The use of a column 100 in a simulated wood siding system is as shown in FIG. 3. The simulated wood siding system includes at least one column 100 and a plurality of planks 200 attached to a wall. The common construction of the wall includes the use of wood studs 301 and plywood 303. The wall construction can also include a vapor barrier and other components. Generally, the column 100 attaches to two walls that meet in a corner, for example the two hundred seventy degree corner shown in FIG. 3. Columns can be formed to attach to walls that meet and form corners of any angle, for example, ninety degrees, one hundred thirty five degrees, one hundred eighty degrees, two hundred seventy degree, and so forth. In addition, columns can be formed to be attached to a flat wall. Typically, the column 100 is nailed to the underlying walls, preferably into the studs 301. Alternatively, screws, other fasteners, and even adhesive can be used to secure the column to the wall.

The siding system also includes a plurality of planks 200 attached to the walls. Adjacent planks are joined by interlocking splines, the lower spline 215 and the upper spline 217 of adjacent planks 200. Typically, the plank 200 is secured to the wall by nails 301 that are driven through the upper portion of the plank 200 near the upper spline 217 and into the wall, preferably into the studs. The next plank is installed by interlocking the lower spline 215 into the upper spline of the plank nailed to the wall. The lower spline 215 of adjacent planks 200 conceals the nails 401 that attach the nailed plank 200 to the wall. Alternatively, the plank can be attached to the wall by other means such as screws, special fasters, adhesive, and so forth. Also, the planks can be designed and constructed so that the lower spline is nailed to the wall instead of the upper spline. Planks 200 adjacent to the column 100 are cut or formed so as to butt up against the column 100 when the plank is attached to the wall.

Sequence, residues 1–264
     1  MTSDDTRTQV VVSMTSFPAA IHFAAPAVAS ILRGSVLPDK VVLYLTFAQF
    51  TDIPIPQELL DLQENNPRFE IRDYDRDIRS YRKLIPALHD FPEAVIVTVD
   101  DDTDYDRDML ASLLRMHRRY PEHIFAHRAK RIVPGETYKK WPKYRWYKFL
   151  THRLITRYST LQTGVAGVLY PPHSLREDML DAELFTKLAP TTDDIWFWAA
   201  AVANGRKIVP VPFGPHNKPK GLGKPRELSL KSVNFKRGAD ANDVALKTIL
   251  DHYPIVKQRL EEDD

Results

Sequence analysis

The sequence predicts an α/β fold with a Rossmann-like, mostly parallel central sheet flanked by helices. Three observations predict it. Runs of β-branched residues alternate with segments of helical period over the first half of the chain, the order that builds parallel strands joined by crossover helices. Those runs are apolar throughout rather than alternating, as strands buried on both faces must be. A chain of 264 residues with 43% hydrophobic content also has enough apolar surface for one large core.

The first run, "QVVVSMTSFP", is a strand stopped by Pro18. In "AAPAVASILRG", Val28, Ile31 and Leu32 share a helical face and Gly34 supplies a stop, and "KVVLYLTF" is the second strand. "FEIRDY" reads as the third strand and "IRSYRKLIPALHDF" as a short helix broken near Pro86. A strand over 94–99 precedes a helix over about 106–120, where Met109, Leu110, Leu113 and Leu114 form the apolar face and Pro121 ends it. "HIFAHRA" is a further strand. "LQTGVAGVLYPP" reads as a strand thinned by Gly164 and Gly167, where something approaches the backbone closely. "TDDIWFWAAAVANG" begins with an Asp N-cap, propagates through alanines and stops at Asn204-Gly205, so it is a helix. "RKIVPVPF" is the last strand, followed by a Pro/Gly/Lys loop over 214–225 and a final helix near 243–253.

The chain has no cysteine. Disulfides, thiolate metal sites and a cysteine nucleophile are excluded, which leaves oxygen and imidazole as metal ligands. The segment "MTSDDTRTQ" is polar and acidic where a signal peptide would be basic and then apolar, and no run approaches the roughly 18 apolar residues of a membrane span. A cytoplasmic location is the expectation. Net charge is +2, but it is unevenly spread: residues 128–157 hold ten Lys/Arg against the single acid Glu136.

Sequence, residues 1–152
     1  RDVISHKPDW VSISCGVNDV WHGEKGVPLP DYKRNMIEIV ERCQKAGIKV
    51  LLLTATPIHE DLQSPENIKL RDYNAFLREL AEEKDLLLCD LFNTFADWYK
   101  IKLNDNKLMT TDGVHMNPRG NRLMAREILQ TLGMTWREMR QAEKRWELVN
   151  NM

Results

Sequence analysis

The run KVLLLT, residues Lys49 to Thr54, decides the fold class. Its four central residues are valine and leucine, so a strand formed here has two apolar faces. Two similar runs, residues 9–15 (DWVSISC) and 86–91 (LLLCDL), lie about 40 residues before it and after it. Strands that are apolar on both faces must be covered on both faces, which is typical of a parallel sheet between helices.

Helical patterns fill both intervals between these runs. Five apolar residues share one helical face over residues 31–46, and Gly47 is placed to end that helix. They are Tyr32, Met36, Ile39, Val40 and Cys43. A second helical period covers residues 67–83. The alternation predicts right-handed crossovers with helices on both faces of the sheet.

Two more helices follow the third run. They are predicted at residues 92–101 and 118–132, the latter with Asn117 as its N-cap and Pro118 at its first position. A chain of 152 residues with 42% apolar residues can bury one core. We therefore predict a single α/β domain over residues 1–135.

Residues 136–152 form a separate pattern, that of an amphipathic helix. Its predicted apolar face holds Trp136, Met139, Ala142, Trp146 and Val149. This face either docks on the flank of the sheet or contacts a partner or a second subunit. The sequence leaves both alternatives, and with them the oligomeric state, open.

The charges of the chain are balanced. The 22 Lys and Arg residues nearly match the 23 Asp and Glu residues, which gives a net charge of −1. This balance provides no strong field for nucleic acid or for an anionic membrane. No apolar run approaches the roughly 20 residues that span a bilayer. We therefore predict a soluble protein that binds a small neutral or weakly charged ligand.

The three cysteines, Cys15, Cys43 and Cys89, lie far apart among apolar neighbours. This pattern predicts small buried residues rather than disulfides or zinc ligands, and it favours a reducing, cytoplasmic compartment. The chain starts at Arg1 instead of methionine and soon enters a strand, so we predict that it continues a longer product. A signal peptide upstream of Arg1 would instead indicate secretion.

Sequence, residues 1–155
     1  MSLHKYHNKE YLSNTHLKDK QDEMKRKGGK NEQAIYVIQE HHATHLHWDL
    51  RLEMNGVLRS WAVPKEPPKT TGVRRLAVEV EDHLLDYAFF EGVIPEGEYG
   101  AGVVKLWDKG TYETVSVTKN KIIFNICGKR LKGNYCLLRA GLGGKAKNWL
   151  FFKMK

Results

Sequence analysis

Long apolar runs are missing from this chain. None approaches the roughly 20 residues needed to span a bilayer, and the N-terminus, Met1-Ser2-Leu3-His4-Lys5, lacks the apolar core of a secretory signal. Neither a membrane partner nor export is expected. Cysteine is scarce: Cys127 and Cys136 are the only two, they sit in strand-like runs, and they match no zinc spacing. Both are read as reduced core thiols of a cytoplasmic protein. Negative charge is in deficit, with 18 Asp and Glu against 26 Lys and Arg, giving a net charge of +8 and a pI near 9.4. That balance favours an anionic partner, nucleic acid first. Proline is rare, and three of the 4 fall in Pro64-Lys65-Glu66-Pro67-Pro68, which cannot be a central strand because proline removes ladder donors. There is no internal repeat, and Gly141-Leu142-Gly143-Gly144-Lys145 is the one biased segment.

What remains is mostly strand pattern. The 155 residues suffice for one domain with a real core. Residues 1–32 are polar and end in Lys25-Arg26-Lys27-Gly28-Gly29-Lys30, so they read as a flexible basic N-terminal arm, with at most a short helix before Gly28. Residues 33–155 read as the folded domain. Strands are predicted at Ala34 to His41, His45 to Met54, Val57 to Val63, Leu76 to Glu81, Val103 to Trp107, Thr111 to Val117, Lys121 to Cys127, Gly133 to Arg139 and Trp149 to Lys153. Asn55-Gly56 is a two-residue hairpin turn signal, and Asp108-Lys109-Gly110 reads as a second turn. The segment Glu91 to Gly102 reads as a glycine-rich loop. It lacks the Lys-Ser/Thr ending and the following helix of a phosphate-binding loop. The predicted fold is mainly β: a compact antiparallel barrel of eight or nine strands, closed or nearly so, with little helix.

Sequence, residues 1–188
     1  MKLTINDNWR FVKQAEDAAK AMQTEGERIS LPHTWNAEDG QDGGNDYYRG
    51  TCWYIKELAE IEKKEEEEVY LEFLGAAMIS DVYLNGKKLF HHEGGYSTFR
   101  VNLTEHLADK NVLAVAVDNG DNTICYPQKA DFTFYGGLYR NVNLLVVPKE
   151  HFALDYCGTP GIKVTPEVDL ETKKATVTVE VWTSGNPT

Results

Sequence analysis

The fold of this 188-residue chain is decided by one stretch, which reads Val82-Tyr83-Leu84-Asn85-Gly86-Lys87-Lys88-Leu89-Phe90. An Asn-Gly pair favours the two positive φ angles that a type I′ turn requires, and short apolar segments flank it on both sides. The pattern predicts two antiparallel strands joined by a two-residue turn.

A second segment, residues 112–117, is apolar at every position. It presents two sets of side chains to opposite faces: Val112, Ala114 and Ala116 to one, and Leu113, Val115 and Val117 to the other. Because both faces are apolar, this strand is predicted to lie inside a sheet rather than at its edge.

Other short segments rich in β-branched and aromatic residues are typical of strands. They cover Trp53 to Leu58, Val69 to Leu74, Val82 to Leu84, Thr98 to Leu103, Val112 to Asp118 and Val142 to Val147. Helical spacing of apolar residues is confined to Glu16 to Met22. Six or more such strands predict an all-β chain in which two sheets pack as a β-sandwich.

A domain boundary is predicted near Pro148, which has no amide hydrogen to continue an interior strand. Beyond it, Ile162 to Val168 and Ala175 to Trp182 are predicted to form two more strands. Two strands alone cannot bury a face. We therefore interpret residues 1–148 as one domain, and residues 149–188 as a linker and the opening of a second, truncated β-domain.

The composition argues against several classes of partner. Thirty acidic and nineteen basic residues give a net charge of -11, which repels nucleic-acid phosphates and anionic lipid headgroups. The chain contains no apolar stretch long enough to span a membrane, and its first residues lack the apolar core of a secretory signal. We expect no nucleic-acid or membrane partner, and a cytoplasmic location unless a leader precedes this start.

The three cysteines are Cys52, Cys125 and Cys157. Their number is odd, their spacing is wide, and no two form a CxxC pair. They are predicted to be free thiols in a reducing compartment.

For planks having the tongue surface 223 constructed to receive grout, the grout can be applied once adjacent planks 200 are attached to the wall. The grout can be carried into openings adjacent to the column 100 and between adjacent planks to form a sealed and water-resistant siding system. The materials used to form the columns and planks, such as a polystyrene cores and hardboard decorative skin, make the siding system resistant to attack by insects.

A flow diagram for a method of installing a column as part of a siding system is as shown in FIG. 4. In a method, the siding system includes at least one column 100 and a plurality of planks 200 that are attached to a wall. Typically, as single column is attached to a corner form by two walls coming together wherein at least one wall is sided with planks 200. Alternatively, multiple columns can be installed together in a multitude of arrangements. For example, for a very tall wall columns can be stack vertically on top of each other as needed. Alternatively, multiple columns can be installed next to each other for a desired esthetic effect.

In the method for the siding system, at step 401, at least one column 100 is attached to the wall, typically at a corner formed by adjacent wall sections. Preferably, the column 100 is nailed to studs 301 through the lateral supports 117, 119. Alternatively, the column 100 can be attached with screws and other types of fasteners, or even adhesive. Two or more columns 100 can be used in combination next to each other vertically or horizontally, as needed. The joints between adjacent columns 100 can be caulked or grouted, as deemed appropriate.